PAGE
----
Interestingly, the European Union (EU) already is out in front on this issue. Medical device products undergo a rigorous certification process, followed by re-certification every three years. Manufacturers must answer a fundamental question: Is there unequivocal evidence that the device improves performance and outcomes? If there is no evidence in the affirmative, then the device is not certified or re-certified.
In the US, government regulators have yet to establish a certification as rigorous as that in the E.U. This likely is a result of the fear of big government interference with business – a sense exacerbated by the current deregulatory climate in U.S. politics.
But device companies should be very concerned that they will be held to a hard audit by a group with a direct, vested interest in this: hospitals.
Without any objective data demonstrating improved performance and outcomes, hospitals are under no obligation to buy products that demonstrate no benefit. And, insurance companies will be under no obligation to pay the associated charges.
This hard audit is coming. It is now occurring in my hospital. The only recourse device companies will have to ensure continued demand for their products is to provide data to support improved outcomes and performance for any device they plan on selling. Otherwise, hospitals may not buy it.
So… is there a solution for all of this?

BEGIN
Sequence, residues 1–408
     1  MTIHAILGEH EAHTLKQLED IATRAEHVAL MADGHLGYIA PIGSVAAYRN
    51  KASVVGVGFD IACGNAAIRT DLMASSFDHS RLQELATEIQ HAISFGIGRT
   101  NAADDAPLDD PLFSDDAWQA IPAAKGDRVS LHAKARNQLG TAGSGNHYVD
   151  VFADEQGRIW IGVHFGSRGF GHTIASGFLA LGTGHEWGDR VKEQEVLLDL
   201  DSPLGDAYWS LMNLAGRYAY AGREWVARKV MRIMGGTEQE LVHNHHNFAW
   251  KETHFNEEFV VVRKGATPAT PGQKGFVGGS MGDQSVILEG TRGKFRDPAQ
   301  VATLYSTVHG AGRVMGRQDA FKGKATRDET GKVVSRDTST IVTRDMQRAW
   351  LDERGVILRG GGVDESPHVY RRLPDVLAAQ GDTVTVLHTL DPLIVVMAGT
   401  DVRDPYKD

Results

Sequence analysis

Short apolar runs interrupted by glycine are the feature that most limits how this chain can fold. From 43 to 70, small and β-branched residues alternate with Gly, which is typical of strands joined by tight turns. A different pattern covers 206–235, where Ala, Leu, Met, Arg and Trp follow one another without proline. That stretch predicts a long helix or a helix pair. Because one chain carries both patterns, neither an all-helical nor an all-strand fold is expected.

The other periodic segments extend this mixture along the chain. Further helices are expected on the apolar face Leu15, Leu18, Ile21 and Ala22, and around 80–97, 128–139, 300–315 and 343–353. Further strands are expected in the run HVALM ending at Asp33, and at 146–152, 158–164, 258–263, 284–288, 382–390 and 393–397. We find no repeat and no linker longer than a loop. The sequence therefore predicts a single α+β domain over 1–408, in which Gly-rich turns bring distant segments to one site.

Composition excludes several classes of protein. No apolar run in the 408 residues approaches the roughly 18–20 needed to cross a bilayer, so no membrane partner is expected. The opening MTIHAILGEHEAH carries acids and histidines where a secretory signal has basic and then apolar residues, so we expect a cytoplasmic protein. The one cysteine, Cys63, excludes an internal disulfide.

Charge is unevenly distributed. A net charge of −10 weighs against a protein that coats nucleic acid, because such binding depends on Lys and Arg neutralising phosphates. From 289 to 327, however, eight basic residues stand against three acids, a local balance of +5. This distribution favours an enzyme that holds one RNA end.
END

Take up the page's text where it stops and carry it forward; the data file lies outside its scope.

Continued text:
In fact, there is, but it requires some shifts in how medtech — and, for that matter, biotech and pharma — companies think about this problem.
That shift in thinking has to be one toward product data, and away from pure marketing. To be fair, pure marketing has worked for these companies for a long time, in large part because of the relationships that were developed with the primary users/prescribers: physicians.
As healthcare re-organizes, health systems are determining what gets purchased based on value to their systems. In other words, does it improve outcomes, thereby reducing costs? Thus, pure marketing and personal relationships give way to value-based decision-making.
This, of course, puts life sciences companies in a difficult situation because, with the exception of paying a CRO to run a randomized controlled trial, many companies are not outfitted to gather reams of information on the efficacy of devices or products already on the market.
As one global chief medical officer recently told me, “if I have a product that has no data to support that it has a benefit, I do not want to spend $20 million on a randomized controlled trial for a product that has only a $2 million global market.”
Another option for these companies is to pay a data analytics firm to assemble all published literature on their products, and then develop active databases that the companies can access at any time. This solution also provides external validation of the efficacy of said products, demonstrating the extent to which the results of a randomized controlled trial could be generalized to other situations and to other populations.
To be sure, I am not saying you eliminate marketing. What I am saying is that, if marketing is infused with high quality, reproducible data that demonstrates a benefit, it can then be linked to a cost or value. And this is precisely what hospitals and healthcare systems will demand before making a purchase.
About The Author
Peter F. Nichol M.D., Ph.D. is a Pediatric Surgeon with a focus on minimally invasive intestinal surgery. He serves as Surgical Director of both Operating Room Services and of Statewide Outreach at the American Family Children’s Hospital at the University of Wisconsin in Madison. He is the Founder and Director of the Cars Curing Kids Foundation and has held multiple federal research Grants. He blogs on numerous healthcare issues including Big Data, A.I. in healthcare, and healthcare access. He can be reached at firstname.lastname@example.org.